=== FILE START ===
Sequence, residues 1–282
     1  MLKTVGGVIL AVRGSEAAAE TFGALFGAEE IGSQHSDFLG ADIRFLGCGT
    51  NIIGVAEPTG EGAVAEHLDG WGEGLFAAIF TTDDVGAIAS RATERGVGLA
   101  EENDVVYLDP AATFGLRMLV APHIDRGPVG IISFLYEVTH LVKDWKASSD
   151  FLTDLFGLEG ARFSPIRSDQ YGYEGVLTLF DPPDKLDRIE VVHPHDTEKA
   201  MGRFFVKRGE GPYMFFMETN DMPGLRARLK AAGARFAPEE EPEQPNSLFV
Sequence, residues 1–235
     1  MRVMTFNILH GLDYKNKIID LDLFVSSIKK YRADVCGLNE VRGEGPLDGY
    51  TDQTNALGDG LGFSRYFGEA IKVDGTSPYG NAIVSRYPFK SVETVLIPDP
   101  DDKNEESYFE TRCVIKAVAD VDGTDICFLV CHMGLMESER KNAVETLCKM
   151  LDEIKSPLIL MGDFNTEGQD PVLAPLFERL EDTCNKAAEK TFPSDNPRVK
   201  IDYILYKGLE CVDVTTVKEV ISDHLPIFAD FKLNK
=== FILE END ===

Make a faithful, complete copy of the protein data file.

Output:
Sequence, residues 1–282
     1  MLKTVGGVIL AVRGSEAAAE TFGALFGAEE IGSQHSDFLG ADIRFLGCGT
    51  NIIGVAEPTG EGAVAEHLDG WGEGLFAAIF TTDDVGAIAS RATERGVGLA
   101  EENDVVYLDP AATFGLRMLV APHIDRGPVG IISFLYEVTH LVKDWKASSD
   151  FLTDLFGLEG ARFSPIRSDQ YGYEGVLTLF DPPDKLDRIE VVHPHDTEKA
   201  MGRFFVKRGE GPYMFFMETN DMPGLRARLK AAGARFAPEE EPEQPNSLFV
Sequence, residues 1–235
     1  MRVMTFNILH GLDYKNKIID LDLFVSSIKK YRADVCGLNE VRGEGPLDGY
    51  TDQTNALGDG LGFSRYFGEA IKVDGTSPYG NAIVSRYPFK SVETVLIPDP
   101  DDKNEESYFE TRCVIKAVAD VDGTDICFLV CHMGLMESER KNAVETLCKM
   151  LDEIKSPLIL MGDFNTEGQD PVLAPLFERL EDTCNKAAEK TFPSDNPRVK
   201  IDYILYKGLE CVDVTTVKEV ISDHLPIFAD FKLNK